How many files are in the WordPress core

Wordpress wp-load.php

My question is ... what exactly is in this file that the code needs?

All core functions of WordPress. This includes the design files, all files of the active plugins, etc., BUTWhen loading WordPress, the requested URL is not parsed and the WordPress query is not executed (by initializing the WP object nor the WP_Query objects).

All I understand is that it loads important core wordpress files in order for the website to run correctly (,, etc ...).

Yes, you got it right.

Doesn't that mean that the plugin is already running, that wp-load.php is loaded?

If the plugin code was called by WordPress (e.g. to display an administration page or was included in the originally loaded plugin file), this means that it has already been loaded.

However, sometimes plugins direct requests to individual files (for example) and not to a WordPress powered site (for example or).

Notice how the first URL points to a specific file in the plugins directory, and the second URL is directed to the home page of the website with a query argument added. In the third example, the referenced file is in the directory - here is a special file that makes it easy for plugins to make AJAX requests (this file also loads the WordPress core and triggers some action hooks).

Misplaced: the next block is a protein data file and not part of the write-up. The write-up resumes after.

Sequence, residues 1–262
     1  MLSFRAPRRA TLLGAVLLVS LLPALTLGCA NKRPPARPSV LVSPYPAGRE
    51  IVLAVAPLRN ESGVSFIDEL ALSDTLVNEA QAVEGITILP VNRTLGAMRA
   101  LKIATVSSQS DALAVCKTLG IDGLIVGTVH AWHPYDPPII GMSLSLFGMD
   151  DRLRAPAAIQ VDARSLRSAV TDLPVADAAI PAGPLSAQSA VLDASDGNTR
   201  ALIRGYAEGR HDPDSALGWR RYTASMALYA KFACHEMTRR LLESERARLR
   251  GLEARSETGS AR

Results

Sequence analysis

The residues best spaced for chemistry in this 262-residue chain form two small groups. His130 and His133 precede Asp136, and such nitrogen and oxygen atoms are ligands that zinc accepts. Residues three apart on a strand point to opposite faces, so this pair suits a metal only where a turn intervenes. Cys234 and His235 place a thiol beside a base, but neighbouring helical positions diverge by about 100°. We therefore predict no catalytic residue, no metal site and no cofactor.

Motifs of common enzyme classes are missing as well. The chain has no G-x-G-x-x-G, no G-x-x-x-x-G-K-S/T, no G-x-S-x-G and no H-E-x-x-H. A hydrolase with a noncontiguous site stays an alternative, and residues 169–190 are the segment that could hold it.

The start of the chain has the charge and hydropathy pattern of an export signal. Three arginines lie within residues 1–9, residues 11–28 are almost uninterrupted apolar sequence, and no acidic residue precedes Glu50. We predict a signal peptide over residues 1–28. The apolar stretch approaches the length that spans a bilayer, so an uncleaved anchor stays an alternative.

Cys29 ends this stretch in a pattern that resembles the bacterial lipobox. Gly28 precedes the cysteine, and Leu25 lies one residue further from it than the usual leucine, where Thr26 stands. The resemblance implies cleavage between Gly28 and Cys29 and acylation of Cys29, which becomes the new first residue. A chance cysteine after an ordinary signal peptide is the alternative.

In the case of the first reference, if the plugin wants to use some WordPress features (for referencing the database, editing posts, etc.) it has to load the core WordPress files by including.

It's also a complete waste of resources as it has so many files in it that other files can, and it's like an infinite loop of required files that each load twice (or even more if other plugins are using this.) of method too)

Notice the -part in - this tells PHP to use the file only to be included if not already included. Therefore, there are no conflicts and PHP does not use too much memory. Although - if you are in a context in which WordPress has already started, you should not call the function.


Basically, the author of the plugin expects some requirements to be placed on the plugin file in which you found this code. Since the author wants to use the WordPress functionality in this file, he calls the file to load the core functions.

I'm assuming this is done to reduce server load, although with a couple of hooks running on the action code and a custom parameter added to the home url, the result should still be pretty close.

I personally prefer the second option, but as I said, with becomes prevents WordPress from performing complex operations (URL analysis and database queries).

If there's anything else you don't fully understand, post a comment here and I'll try to explain further.